Marine Correspondent Susannah Hart reports on the fun and frolics at this year’s Gosport Marine Festival…
GOSPORT waterfront welcomed over 3,000 people yesterday as the Gosport Marine Festival took place, getting hundreds of young people and their families out on the water.
Opened by former First Sea Lord and Chief of Naval Staff, Admiral Sir Jonathon Band, with the Mayor of Gosport, Councillor Mark Hook, this free community event aimed at connecting people with the sea and encouraging children and young adults onto the water, did just that – with over 350 individuals trying out the different watersports including sailing, kayaking and stand-up paddleboarding.
“We’re delighted with the turn out today,” said Barry Easton-Corke, Gosport Marine Festival chairman. “Now in its fifth iteration, the festival is as popular as ever with hundreds of young people and their families getting out on the water and over 3,000 people coming down to enjoy a fun-filled day out, making the most of the onshore activities and experiencing Gosport at its best.
“This event just wouldn’t have been possible without the brilliant support of the many local businesses, charities and over 150 volunteers who have so generously donated their time, money and resources. Today’s success is down to them, and I’d just like to say a massive thank you.”
While the waterborne activities took place throughout the day in Haslar Marina and on the Cockle Pond, the many visitors to the waterfront enjoyed a full programme of onshore entertainment, commencing with a Sea Cadet and Scout parade in the Millennium Timespace with the Rose and Thistle Pipes and Drums.
All the entertainment was provided by local artists and included swing music, sea shanties and rat pack crooning, with the Portsmouth Military Wives Choir performing to as the festival drew to a close.
Visitors were also able to get aboard several historic vessels moored in Haslar Marina for the festival, including Medusa, one of the first vessels to arrive at the Normandy beaches ahead of the D-Day landings, the junk yacht Boleh designed and built in 1948, WW2 High Speed Launch 102 and a landing craft.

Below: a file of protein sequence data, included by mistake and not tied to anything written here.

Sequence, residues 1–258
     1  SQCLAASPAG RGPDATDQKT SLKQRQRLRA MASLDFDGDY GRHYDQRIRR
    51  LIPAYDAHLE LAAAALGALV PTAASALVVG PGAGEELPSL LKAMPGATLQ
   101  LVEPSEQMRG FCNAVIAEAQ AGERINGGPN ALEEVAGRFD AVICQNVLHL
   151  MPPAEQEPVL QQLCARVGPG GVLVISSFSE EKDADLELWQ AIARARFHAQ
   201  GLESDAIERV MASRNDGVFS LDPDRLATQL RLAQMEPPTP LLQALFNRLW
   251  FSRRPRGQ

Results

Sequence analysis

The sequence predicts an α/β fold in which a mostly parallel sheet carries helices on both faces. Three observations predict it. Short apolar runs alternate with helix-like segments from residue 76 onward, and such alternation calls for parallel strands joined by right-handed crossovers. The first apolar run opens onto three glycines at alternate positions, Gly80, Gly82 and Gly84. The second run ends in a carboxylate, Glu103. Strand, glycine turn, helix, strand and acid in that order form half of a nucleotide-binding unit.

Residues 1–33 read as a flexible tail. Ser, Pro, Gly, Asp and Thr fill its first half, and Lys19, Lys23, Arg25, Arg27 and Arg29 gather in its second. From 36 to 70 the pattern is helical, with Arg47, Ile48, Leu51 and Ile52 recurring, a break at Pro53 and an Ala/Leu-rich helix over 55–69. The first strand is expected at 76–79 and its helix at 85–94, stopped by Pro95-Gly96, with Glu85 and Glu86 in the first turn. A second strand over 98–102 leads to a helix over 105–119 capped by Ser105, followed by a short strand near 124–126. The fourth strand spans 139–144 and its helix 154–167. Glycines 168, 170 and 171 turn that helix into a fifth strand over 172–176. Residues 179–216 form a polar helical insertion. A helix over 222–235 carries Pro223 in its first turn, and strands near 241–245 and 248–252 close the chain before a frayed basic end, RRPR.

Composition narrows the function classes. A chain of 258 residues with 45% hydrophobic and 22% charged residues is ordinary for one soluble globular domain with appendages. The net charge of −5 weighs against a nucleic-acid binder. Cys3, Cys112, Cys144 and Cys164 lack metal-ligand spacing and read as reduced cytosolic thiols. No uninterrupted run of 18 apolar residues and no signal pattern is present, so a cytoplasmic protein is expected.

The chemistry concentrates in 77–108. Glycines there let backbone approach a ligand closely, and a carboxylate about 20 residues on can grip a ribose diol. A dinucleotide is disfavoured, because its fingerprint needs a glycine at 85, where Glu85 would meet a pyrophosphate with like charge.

In addition, for the younger children in Holy Trinity Church, there were nautically themed arts and craft activities at Little Shipmates, while Circo Rum Ba Ba women’s theatre troupe used puppets, comedy, music and an enormous inflatable sperm whale to highlight the challenges to the marine environment to 300 spectators.
“The kids got out sailing and kayaking today,” said one attendee, visiting with his family. “It’s been a great day out, with lots to see and do.”
New to this year’s event was the Inspiration Zone in the Trinity Church. This area brought together local marine companies offering careers advice to young people wanting to work in the marine industry. Companies who exhibited included, the Royal Navy, Marine Concepts, Seldén Masts, Qinetiq and the Andrew Simpson Foundation.
Christopher Groves, underwater business development lead at Gosport based Qinetiq said: “We’ve had in excess of 400 people come into the Inspiration Zone and they’ve engaged really well with the marine industries here.
“It’s been a fantastic opportunity for companies to show what they do and to expose young people to what the opportunities are from a career perspective on the Gosport peninsula, and Portsmouth Harbour more generally.”
Organised by Portsmouth Harbour Marine in partnership with Gosport Borough Council, this year’s Gosport Marine Festival was supported by the Andrew Simpson Foundation, boatfolk, the owners of Haslar Marina, Hampshire County Council, Wates Residential, Gosport Hospital Radio, MAA, British Marine Trades Association, ASDA, Seldén Mast, Lee-on-the-Solent and Stokes Bay Sailing Clubs, Gosport Sea Cadets, Gosport Scouts, Master Mariners, Victoria Quay, Qinetiq, Regional City Airports (Solent Airport), SubSea Craft, Trafalgar Properties and Premier Gosport Marina.
Photo (top): sailing on the Cockle Pond